What the Companies Say About COAs
ModusLink admits to an early problem with authorizing COAs, but says the issue has since been remedied. According to Christine Pothier, the company's marketing communications manager, ModusLink had initially set up its system with a security measure that would lock a COA after it was entered. "Under certain circumstances, such as an interruption in [network] connectivity, the COA could get locked before [the customer] completed the upgrade process," Pothier says. "Early on when we realized that [the problem existed], changes were made to the application process to remedy that situation. We haven't seen that the ability to register COAs has been an issue moving forward," she says. ModusLink would not, however, specify exactly how long the company took to fix the connectivity problem.
As for HP, which entrusted ModusLink with managing the process, Siobhan Flanigan, an HP representative, says, "HP has received e-mails and phone calls from many customers concerning the ordering process for the Express Upgrade kit for Windows Vista. We are aware of these problems and are working on an aggressive schedule with the fulfillment vendor and the software product supplier to resolve these issues."
Dell, which decided to tackle the upgrade on its own, has also seen some problems with COA verifications. According to Russ Ray, senior product marketing manager for client software, "There have been several databases talking to each other in this process. In all of that data transfer, there's an opportunity for things to go wrong." Ray says that Dell eventually changed the database system so it could be updated manually, allowing customers to complete their upgrades. Like ModusLink, Dell would not specify the time frame for tackling the problem, saying only the fix was "immediate."
However, Ray adds, if Dell customers are still having trouble verifying their COAs, they should not be concerned about missing the March 31 upgrade registration deadline. "We'll take care of those," he says. "There are still some ongoing issues with customers--there's all kinds of things that are falling under customer-experience issues. The hard cutoff is the month of April."
Much of the problems likely are due to the large quantity of upgrade requests that all the companies involved were processing. ModusLink's Pothier says that when the process began, the company received an extremely high volume of calls, and "immediately after that additional resources were added to customer support."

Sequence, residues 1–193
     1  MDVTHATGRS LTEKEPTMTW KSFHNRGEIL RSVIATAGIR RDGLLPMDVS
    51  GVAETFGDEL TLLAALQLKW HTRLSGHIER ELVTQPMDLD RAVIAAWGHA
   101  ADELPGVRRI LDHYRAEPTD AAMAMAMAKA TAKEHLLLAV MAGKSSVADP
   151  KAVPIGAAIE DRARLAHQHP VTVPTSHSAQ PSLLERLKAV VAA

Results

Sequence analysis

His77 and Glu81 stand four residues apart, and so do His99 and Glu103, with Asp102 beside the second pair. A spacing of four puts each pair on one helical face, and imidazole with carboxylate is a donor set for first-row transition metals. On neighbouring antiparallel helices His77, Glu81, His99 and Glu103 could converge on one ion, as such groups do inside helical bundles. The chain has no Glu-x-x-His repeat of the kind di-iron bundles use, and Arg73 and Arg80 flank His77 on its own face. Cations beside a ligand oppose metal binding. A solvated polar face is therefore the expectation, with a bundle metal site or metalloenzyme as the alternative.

Still Waiting for an Upgrade to Arrive
For many customers, not getting their certificate authorized isn't the only irritation: The wait for the upgrade to arrive has been maddening, some say. The processing companies, though, insist that that complaint is not valid. Pothier says her company is still shipping upgrade packages, and that "the specific time frame that has always been indicated was four to six weeks from the January 30 release date." Though that date has now clearly passed, ModusLink is still shipping upgrades and will do so until the end of June, she says.
Dell's Ray acknowledges a similar timeline. "We communicated pretty heavily that we would be shipping these through the end of April," he says. "To be fair, we wanted to stagger [the release] a bit so that the support element is staggered as well."
Microsoft has little to say on the matter. According to Microsoft representative Jessica Steinhebel, "Microsoft is aware that some customers have experienced issues when trying to register for their upgrades. The upgrade registration and fulfillment process is being handled by Microsoft's OEM partners, though, and [they can address] specific questions."
Amber Bouman of PC World contributed to this story.
Who to Contact If You Are Having Problems With Your Vista Upgrade
HP and Toshiba Owners
Because the Vista upgrade program has now ended, ModusLink will no longer process requests for new orders. The following customer-support contacts are only for those customers who are having trouble with existing orders.